Wolters, Stephen D.; Ball, Andrew J.; Wells, Nigel; Saunders, Christopher and McBride, Neil
|DOI (Digital Object Identifier) Link:||http://dx.doi.org/10.1016/j.pss.2011.06.015|
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A concept for an Impact Mitigation Preparation Mission, called Don Quijote, is to send two spacecrafts to a Near-Earth Asteroid (NEA): an Orbiter and an Impactor. The Impactor collides with the asteroid while the Orbiter measures the resulting change in the asteroid's orbit, by means of a Radio Science Experiment (RSE) carried out before and after the impact. Three parallel Phase A studies on Don Quijote were carried out for the European Space Agency: the research presented here reflects the outcomes of the study by QinetiQ. We discuss the mission objectives with regard to the prioritisation of payload instruments, with emphasis on the interpretation of the impact. The Radio Science Experiment is described and it is examined how solar radiation pressure may increase the uncertainty in measuring the orbit of the target asteroid. It is determined that to measure the change in orbit accurately a thermal IR spectrometer is mandatory, to measure the Yarkovsky effect. The advantages of having a laser altimeter are discussed. The advantages of a dedicated wide-angle impact camera are discussed and the field-of-view is initially sized through a simple model of the impact.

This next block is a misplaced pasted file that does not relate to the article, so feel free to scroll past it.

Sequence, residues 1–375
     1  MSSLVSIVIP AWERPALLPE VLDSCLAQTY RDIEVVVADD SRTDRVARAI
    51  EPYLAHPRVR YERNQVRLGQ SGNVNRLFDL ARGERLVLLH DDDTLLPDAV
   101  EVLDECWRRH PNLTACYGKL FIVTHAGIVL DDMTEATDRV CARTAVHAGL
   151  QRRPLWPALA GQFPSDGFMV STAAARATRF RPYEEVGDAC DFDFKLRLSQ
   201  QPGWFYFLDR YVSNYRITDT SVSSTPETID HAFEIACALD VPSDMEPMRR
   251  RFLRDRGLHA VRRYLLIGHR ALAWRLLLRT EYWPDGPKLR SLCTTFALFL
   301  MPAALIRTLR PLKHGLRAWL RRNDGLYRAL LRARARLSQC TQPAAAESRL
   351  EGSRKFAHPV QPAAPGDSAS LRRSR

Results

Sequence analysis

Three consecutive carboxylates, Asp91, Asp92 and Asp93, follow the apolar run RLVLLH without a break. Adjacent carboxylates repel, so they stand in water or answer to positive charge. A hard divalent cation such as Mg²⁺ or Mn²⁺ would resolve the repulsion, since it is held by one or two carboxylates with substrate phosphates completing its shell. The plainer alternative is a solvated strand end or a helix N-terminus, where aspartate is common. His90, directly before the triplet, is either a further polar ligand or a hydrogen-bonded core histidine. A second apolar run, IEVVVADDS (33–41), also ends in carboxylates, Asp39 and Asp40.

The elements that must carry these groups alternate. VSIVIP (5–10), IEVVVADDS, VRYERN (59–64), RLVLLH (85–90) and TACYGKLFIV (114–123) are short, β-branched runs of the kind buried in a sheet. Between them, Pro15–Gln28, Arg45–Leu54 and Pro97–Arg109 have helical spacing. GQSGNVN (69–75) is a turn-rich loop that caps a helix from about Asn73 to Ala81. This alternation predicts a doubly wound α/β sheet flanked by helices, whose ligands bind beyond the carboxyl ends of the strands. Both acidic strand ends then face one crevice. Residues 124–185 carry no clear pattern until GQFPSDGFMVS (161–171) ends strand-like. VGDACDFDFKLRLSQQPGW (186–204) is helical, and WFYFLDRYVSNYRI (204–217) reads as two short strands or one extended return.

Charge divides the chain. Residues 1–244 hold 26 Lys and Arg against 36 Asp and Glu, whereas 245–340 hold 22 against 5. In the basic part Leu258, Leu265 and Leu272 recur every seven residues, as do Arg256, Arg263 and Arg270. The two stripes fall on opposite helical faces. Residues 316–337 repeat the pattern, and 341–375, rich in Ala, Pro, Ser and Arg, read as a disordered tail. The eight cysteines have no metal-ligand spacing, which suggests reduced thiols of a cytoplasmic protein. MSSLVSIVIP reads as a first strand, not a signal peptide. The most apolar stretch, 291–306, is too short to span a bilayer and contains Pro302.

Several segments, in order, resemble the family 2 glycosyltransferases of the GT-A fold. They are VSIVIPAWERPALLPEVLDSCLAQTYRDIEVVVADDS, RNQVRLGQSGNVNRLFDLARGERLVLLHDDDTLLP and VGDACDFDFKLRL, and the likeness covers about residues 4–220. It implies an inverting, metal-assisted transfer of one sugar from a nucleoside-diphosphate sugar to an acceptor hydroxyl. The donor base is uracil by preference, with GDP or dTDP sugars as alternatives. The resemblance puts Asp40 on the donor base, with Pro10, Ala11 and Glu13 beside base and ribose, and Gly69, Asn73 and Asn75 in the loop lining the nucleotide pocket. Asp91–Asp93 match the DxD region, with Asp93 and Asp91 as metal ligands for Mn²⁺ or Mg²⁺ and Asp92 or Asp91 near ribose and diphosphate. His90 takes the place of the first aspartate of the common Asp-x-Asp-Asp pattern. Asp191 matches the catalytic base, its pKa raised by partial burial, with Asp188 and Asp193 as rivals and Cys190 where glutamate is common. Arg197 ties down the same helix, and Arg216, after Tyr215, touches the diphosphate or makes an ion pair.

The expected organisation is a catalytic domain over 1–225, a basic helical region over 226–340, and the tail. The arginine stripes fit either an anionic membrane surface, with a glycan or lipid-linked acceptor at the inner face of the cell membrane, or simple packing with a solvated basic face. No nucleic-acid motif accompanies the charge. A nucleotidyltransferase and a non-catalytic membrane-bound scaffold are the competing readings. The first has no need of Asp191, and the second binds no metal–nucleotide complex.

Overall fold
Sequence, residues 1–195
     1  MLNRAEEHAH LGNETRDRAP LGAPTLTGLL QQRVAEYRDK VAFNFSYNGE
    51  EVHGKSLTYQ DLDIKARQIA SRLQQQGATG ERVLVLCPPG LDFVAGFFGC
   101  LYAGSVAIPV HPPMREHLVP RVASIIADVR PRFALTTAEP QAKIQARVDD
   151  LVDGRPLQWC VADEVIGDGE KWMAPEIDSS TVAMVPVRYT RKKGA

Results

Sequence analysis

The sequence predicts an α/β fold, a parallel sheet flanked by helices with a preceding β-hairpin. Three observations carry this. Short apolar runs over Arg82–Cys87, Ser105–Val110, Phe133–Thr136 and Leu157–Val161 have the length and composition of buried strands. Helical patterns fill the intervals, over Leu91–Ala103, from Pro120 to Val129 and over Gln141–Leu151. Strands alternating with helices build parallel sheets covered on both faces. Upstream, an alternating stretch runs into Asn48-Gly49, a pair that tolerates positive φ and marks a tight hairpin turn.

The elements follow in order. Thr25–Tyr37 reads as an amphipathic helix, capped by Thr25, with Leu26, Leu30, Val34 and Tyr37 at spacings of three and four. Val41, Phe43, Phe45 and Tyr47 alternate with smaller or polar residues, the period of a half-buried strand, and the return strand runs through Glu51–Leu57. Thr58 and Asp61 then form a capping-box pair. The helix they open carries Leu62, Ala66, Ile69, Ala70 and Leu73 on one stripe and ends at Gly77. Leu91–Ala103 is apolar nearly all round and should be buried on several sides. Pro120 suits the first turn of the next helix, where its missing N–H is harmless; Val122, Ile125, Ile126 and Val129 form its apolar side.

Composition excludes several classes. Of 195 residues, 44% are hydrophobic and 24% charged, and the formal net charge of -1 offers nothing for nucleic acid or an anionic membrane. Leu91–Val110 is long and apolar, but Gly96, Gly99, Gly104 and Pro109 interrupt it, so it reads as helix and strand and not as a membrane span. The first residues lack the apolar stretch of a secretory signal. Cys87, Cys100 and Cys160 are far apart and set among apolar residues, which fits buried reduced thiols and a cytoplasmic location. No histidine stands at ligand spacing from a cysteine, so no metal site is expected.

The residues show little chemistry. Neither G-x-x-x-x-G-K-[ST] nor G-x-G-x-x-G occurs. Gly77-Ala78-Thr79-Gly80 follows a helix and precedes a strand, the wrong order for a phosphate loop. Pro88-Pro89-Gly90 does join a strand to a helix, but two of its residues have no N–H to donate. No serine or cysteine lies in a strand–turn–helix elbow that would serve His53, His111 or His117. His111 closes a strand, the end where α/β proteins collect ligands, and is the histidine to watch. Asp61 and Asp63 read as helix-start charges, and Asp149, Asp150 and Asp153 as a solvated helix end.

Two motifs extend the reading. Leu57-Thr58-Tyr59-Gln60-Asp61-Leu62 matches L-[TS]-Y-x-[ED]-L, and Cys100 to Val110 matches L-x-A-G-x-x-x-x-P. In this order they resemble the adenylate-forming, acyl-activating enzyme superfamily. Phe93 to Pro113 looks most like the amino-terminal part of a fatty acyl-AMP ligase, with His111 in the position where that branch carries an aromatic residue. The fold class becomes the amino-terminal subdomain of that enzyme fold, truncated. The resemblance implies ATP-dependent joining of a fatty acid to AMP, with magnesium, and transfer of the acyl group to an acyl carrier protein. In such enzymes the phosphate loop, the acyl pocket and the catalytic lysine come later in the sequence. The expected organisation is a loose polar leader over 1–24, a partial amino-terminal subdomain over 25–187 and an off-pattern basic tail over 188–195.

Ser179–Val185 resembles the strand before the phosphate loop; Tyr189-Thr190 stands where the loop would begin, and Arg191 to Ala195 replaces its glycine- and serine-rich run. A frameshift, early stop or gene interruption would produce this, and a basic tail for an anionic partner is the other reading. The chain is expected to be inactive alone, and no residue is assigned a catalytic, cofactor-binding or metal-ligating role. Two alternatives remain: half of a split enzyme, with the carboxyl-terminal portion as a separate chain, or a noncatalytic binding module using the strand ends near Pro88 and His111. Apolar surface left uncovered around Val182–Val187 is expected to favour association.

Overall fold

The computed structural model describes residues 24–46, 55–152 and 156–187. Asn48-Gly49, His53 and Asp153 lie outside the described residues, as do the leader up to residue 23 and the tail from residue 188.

|Item Type:||Journal Article|
|Copyright Holders:||2011 Elsevier Ltd|
|Project Funding Details:||
|Extra Information:||This paper derives from a poster presented at Asteroids, Comets, Meteors in 2008:
Science Investigations and Payload for the Don Quijote Mission – Results of the Phase A Study. S.D. Wolters, A.J. Ball and N. McBride. Abstract 8241.
|Keywords:||near-earth asteroids; impact mitigation; spacecraft missions|
|Academic Unit/Department:||Science > Physical Sciences
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|Interdisciplinary Research Centre:||Centre for Earth, Planetary, Space and Astronomical Research (CEPSAR)|
|Depositing User:||Andrew Ball|
|Date Deposited:||30 Jan 2012 17:15|
|Last Modified:||21 Nov 2012 17:30|
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